Saturday, June 25, 2016

Year C, Proper 9, Luke 10,1-11, 16-20, Ekalaka Harvest

Ekalaka is a gem isolated in the Southeast Montana prairie.  Depending on the time of year, there might be 1,500 or so people who live in Carter County.  Mostly, there are cattle, a few buffalo, and a lot of open space.  Actually there are forests there, too.  And medicine rocks.  The town was established when an entrepreneur headed west in his covered wagons laden down with the fixens for establishing a bar farther west in Montana.  When he got to Ekalaka, his wagons got stuck in the gumbo.  Unable to free them from this eastern Montana clay, he exclaimed "Hell, any place in Montana is a good place for a bar!" and he unloaded and built his bar, and the town of Ekalaka was born.  Of Ekalaka it has been said, "Ekalaka, where every night is Saturday night, and every Saturday night is New Year's Eve."

I was asked to serve as the pastor for a small group of people meeting in Ekalaka during my time at American Lutheran Church in Baker.  I think there were 10 people at my first service there.  We gathered in the Catholic Church at that time.  A couple of mothers had a Sunday School for their children who were in 1st and 2nd grade at the time, three children.  I started a bible study Wednesday nights for the adults that was well received.

One Sunday, the lone 4th grade girl approached me.  Valorie was a bit precocious in a good sort of way.  "Pastor, I've been thinking about our Church a lot.  We have services on Sunday.  They have Sunday School for the little kids.  And you're doing a Bible study for the adults.  But there is nothing for kids my age.  I think we should start a youth group for my age."

"That's a great idea Valorie, but I see one problem.  You're the only youth your age, and its hard to have a youth group with only one kid."

"Pastor, I told you I've been thinking about this a lot.  And you know what?  I knew you would say that.  (As she shook her finger at me.)  So, I have a deal to make with you.  If you will come and start a youth group, I'll bring my friends."

So we started a youth group.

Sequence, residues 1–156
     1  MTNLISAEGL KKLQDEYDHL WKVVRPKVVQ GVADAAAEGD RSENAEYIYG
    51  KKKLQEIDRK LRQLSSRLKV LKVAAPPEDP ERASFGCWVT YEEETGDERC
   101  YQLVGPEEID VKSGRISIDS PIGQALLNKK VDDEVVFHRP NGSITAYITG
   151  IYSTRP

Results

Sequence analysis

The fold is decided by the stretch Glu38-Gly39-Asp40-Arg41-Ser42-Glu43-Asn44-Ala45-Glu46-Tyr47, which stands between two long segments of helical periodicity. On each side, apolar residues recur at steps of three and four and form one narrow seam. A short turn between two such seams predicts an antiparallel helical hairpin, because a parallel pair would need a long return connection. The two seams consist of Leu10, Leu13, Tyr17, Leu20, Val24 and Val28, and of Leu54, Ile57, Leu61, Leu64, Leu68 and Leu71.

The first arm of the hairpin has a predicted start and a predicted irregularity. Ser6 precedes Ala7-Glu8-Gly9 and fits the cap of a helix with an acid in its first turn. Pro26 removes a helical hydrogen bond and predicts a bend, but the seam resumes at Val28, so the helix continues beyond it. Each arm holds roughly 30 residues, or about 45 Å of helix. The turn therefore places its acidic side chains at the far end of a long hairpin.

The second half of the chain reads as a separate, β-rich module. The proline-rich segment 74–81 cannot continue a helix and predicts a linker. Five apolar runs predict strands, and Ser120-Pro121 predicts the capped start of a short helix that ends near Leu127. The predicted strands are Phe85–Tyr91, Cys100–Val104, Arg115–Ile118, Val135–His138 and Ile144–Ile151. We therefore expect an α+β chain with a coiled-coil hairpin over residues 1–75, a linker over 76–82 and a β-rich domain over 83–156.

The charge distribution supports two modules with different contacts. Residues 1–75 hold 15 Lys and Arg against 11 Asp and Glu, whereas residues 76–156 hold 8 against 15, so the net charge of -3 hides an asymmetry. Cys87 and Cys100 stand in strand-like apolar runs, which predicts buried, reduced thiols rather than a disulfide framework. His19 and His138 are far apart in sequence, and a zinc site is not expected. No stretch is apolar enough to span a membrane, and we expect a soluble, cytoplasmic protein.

The first day Valorie was disappointed and discouraged.  She had invited here whole class from school, and only her best friend Sam (short for Samantha) came.  And so, Valorie, Sam, and I had a youth group meeting.  They insisted that we start with a bible lesson of some sort, and then we could play games.  Soon, Sam's little brothers and sisters came.  I'm still tire when I think of trying to keep up with them.  Their favorite game was a form of tag, and I was always "It", and they would escape from me under the pews and every which way.  In order to keep up with them, I'd use my long legs and run over the top of the pews.  Rowdy behavior, I know, but hey, this was Ekalaka.

What was amazing is what happened the next Easter.  10 people were baptized, including three generations of Sam's family.  Later, St. Elizabeth's Lutheran Church was formally organized as a congregation with about 60 or more members.  This in one of the most isolated, rural, areas in our country.  A few years ago, I was blessed to attend the dedication of their new sanctuary which they had built with all sorts of volunteer labor.  Quite an amazing building.

"The harvest is plentiful, but the laborers are few."  What Jesus meant, quite frankly, is we need more Valories.  "You bring the message, I'll bring my friends."

The problem is we don't actually believe there is a harvest to be had.  And so many of us simply think that we are off the hook as evangelists.  The result is that congregations are dying in communities that have hundreds of thousands more people than Ekalaka.  I mean, if anyone had reason to be pessimistic it would have been the Ekalaka folks.  No one in our Church's evangelism offices would have tagged Ekalaka, a small isolated rural community with a dwindling population, as a good place to start a Church.

Perhaps the reason why St. Elizabeth's worked, was the make up of the farmers/ranchers there.  You see, Ekalaka is not Iowa with deep rich loam and abundant rain fall.  For soil they have this gumbo.  And what rain they do get, evaporates quite quickly in 100 degree temperatures with 30 mile per hour winds.  But somehow, against all odds, they've learned to prosper on this land.  Harvesting a crop that many would think impossible.

"All, hell, any place in Montana is a good place to start a bar."

Can it be true for the  Church as well.  Any place is a good place to start a church.

That is, if you'll make the same deal as Valorie.

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